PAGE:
November 1999 will mark the 10-year anniversary of the founding of the Asia Pacific Economic Cooperation forum. A decade ago, the organization provided no more than a consultative framework for a dozen Pacific Rim countries, but just five years later, the forum seemed to be on track to become a powerful vehicle for economic liberalization in the region.
However, since APEC's landmark Bogor Declaration which, in 1994, proclaimed the goal of establishing free trade and investment among member countries by 2020, the organization has struggled to overcome a number of barriers, some ultimately insurmountable. Most recently, at the November 1998 summit in the Malaysian capital of Kuala Lumpur, members failed to advance a key tariff-reduction initiative. Nor did the meeting, further tarnished by heightened tensions over political differences, produce anything to refute the notion that APEC had largely ignored the plight of the victims of the East Asian economic crisis. All this has prompted calls to reexamine the purpose of the 21-member organization; some critics say it should be abandoned altogether.
Without a doubt, APEC has suffered a number of setbacks during its short life span, especially recently. Nonetheless, it also has made valuable contributions to the Asian Pacific community. The forum has promoted free trade, established an annual leaders' meeting and endeavored to bring the disparate nations in the region closer together. Although the group may have fallen short of some proponents' expectations, it will remain an important regional institution. Its future role as a trade liberalizer, however, likely will become less potent. Instead, APEC may focus on such other areas as promoting standardization, facilitating information flows and harmonizing regulatory regimes issues that may be less exciting but still are important to business and regional integration.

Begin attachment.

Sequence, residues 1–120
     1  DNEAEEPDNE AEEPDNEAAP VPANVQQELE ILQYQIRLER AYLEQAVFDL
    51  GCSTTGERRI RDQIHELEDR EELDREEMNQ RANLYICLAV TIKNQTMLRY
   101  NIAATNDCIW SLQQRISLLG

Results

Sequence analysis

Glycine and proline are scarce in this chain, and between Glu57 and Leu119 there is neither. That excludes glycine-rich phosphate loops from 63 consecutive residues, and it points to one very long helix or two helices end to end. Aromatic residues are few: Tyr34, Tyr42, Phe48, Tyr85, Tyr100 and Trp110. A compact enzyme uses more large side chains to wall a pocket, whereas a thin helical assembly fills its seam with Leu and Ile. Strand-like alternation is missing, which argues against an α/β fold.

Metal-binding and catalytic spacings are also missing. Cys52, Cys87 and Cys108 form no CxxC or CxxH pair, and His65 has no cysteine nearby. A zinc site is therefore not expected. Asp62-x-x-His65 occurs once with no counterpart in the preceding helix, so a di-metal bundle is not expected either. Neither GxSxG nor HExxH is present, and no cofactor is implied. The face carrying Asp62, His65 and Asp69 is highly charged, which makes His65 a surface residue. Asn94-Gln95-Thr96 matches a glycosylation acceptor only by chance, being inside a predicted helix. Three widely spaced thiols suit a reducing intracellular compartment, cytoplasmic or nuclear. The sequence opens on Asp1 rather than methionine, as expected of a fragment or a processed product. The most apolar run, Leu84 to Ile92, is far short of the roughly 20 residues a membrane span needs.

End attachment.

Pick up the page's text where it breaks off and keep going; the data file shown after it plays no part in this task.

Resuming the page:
CLINTON LAUDS OBUCHI FOR ECONOMIC POLICIES, ISSUES WARNING ON STEEL by Barbara Wanner
If, as the old saying goes, "timing is everything," the scheduling of Prime Minister Keizo Obuchi's May 3 summit in Washington with President Clinton could have been better. The first state visit to the United States by a Japanese premier in 12 years undeniably was overshadowed by the Yugoslav government's release the previous day of three American prisoners of war and other developments involving the crisis in Kosovo. Coming so soon after the high-profile visit to the capital of Chinese Premier Zhu Rongji and the 50th anniversary and summit of the North Atlantic Treaty Organization did not help either. In fact, most major American newspapers relegated stories about the Clinton-Obuchi talks to inside pages.
JAPAN INCREASES AID FOR KOSOVO, SEEKS ROLE IN RESOLVING CRISIS by Marc Castellano
The cabinet of Prime Minister Keizo Obuchi approved a plan April 27 to allocate an additional $185 million to help manage the Kosovo crisis. This aid comes on top of an April 1 pledge of $15 million (see JEI Report No. 14B, April 9, 1999), bringing Japan's total financial contribution to $200 million. Half of this money will be used to assist displaced Albanian Kosovars, neighboring countries offering them refuge and Japanese nongovernmental groups involved in the relief effort. The remaining $100 million will go to the Human Security Fund at the United Nations, a program established last year at the initiative of Mr. Obuchi. Those funds will be used to facilitate the rebuilding of Kosovo and the resettlement of refugees after a peace settlement has been reached.